Informed debate should be part of alternative discourse: PIPS Seminar
To counter the discourse sympathetic to extremism, there is a need for an alternative discourse built on informed debate, research, and realities grounded in present-day.
There were some of the common points discussed by leading national experts, at launch of two studies of Pak Institute for Peace Studies (PIPS), an Islamabad-based think-tank.
One of the two studies, “Reconstruction of the National Narratives and Counter-Violent Extremism Model in Pakistan”, shared findings on reconstructing national narratives along with tabling Counter-Violent Extremism (CVE) model in the country. The narratives and model were evolved after extensive discussions among scholars and experts led by PIPS.
Sharing the findings, PIPS’s director Muhammad Amir Rana called for holding structured dialogue among scholars and society. He called for holding debates among religious scholars, similar to what had happened in Egypt, Yemen, and other Muslim countries.
He admitted that one of the points of the proposed CVE model, of reintegrating militants, is quite controversial. Yet, sharing findings of the study, he called for exploring that option which includes both tactical engagement and long-term reorientation of militants. Echoing views of the experts, Mr. Rana called for integrating the National Action Plan in the country’s Counter-Violent Extremism model. “Any discussion on CVE would be useless unless NAP is plugged inside”, he reasoned.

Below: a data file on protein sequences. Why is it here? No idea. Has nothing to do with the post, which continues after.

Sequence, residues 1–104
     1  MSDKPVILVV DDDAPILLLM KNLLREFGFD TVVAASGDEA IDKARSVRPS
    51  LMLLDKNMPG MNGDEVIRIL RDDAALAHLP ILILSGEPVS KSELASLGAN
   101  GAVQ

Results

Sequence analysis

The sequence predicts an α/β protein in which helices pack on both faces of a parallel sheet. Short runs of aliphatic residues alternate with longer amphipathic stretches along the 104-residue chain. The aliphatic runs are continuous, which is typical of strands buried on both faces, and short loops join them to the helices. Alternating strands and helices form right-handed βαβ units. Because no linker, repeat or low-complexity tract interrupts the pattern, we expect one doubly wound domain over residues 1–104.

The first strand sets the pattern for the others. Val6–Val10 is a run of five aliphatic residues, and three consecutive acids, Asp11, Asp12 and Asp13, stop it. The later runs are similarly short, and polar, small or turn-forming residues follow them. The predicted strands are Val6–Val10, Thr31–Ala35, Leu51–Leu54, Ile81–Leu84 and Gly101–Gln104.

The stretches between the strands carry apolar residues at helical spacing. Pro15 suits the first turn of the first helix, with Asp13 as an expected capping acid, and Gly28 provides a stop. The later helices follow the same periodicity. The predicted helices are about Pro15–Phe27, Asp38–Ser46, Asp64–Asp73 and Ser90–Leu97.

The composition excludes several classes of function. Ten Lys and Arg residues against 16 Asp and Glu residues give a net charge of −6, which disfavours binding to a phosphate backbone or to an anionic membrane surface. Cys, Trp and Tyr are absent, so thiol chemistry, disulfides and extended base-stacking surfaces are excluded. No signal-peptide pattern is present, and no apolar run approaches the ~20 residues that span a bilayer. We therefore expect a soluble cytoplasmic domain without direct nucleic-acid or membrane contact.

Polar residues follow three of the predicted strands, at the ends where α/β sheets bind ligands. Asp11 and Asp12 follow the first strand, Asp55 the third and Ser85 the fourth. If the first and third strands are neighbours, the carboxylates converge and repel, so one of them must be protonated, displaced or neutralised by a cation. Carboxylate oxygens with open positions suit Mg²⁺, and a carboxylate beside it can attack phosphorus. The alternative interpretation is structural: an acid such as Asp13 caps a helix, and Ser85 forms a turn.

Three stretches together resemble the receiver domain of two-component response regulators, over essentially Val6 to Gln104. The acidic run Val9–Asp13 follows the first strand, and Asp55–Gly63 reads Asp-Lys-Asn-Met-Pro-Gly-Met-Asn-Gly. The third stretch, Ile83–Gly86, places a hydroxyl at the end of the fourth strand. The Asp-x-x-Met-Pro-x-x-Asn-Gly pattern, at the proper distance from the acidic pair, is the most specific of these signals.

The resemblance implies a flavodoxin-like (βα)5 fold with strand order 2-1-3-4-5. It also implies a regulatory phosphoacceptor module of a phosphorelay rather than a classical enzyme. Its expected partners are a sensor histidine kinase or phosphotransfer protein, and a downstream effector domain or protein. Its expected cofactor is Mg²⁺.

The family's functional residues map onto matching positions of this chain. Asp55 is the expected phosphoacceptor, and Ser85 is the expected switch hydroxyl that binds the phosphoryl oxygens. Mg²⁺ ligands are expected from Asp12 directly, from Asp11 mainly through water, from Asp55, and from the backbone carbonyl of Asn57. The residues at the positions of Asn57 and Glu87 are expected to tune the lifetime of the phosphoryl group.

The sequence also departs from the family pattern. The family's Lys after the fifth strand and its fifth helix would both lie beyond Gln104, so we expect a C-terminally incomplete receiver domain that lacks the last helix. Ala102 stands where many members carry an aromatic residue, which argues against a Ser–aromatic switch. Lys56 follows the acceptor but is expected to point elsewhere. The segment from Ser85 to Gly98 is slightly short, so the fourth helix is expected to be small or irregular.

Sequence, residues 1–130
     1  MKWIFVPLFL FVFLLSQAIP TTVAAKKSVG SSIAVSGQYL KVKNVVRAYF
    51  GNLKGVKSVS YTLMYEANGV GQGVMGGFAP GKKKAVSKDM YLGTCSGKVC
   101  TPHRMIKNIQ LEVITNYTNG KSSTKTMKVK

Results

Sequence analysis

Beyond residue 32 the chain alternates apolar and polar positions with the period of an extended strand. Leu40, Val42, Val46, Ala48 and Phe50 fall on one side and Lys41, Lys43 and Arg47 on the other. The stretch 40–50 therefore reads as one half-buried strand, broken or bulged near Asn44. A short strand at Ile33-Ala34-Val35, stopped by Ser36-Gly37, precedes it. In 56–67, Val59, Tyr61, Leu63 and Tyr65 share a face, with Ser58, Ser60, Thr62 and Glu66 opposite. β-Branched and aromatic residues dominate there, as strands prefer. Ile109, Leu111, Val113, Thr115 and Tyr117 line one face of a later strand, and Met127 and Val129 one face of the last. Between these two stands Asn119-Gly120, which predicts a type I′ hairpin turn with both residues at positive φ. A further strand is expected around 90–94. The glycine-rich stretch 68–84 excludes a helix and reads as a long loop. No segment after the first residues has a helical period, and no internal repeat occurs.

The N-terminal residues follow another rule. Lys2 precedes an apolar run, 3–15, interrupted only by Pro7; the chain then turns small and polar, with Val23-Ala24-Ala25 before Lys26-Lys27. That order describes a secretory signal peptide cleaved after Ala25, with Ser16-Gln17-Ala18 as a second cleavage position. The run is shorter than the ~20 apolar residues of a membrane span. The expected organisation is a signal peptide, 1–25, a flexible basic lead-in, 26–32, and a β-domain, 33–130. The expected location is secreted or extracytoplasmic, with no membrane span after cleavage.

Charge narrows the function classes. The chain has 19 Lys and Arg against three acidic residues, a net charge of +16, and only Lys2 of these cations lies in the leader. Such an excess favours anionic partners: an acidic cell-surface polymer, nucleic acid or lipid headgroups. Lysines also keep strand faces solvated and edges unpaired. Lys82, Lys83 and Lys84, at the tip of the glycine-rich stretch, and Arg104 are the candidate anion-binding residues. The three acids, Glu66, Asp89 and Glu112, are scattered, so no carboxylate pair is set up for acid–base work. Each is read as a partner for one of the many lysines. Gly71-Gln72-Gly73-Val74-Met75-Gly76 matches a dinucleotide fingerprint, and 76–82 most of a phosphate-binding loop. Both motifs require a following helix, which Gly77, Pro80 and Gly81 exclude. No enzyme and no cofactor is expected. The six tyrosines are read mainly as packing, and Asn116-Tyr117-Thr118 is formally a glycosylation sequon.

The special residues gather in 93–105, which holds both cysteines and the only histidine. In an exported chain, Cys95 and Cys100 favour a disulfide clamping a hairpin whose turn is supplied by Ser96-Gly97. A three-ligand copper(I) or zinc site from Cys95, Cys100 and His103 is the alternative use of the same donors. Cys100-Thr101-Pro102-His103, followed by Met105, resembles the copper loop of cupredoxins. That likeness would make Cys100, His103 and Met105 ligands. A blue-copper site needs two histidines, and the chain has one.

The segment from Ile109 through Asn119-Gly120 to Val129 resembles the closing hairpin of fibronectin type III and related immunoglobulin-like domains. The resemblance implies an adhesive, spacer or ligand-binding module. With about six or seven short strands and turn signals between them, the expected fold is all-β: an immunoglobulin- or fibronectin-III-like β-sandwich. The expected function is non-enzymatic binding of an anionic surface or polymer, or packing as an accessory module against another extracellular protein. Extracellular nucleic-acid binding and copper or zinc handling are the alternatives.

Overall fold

Anchor and columnist Khursheed Nadeem argued that implementing a counter-narrative document is the responsibility of both state and society. He argued that the country’s national security narrative is religious in orientation. He narrated how Pakistan’s foreign policy interests were couched in religious lingo. Today, he said, the society is reaping fallout of that policy, reasoning, therefore, that counter narrative cannot develop unless the security narrative is required. He called for delinking the two narratives – religious and security ones.
The other study, “Role of Post-Noon Engagements of Madrassa Students in Radical Orientation”, was designed to assess the day-to-day activities of the students after their study hours. It found several tendencies among madrassa students that set them distinct from students of universities, while several of the choices of the madrassa students are similar to those of the university students.
The study’s lead researcher, Dr. Qibla Ayaz, former vice chancellor Peshawar University, shared that seminary students use social media like Facebook – as other students do too. Anchor Nadeem argued that the madrassa study reiterate that they are not much different than the general society. Therefore, madrassas along with other educational institutions should be approach afresh.
The launch was chaired by Barrister Zafarullah, state minister for law and justice, argued that much of what is taught in madrassas today, while useful in its own right, might be outdated in the context of new realities, such as of how there are places where Muslims are in a minority.
Taking part in the discussion, Gen (R) Talat Masood said the country’s institutions and structure needs to be reshaped, to curb extremism. But this doesn’t seem happening, he admitted, adding how all stakeholders are interested in holding the status quo.
Dr. Ishtiaq Ahmed, Quaid-e-Azam University, said the state of Pakistan that evolved was different than what the founding father, Quaid-e-Azam, had thought of it.
Media coverage of seminar and studies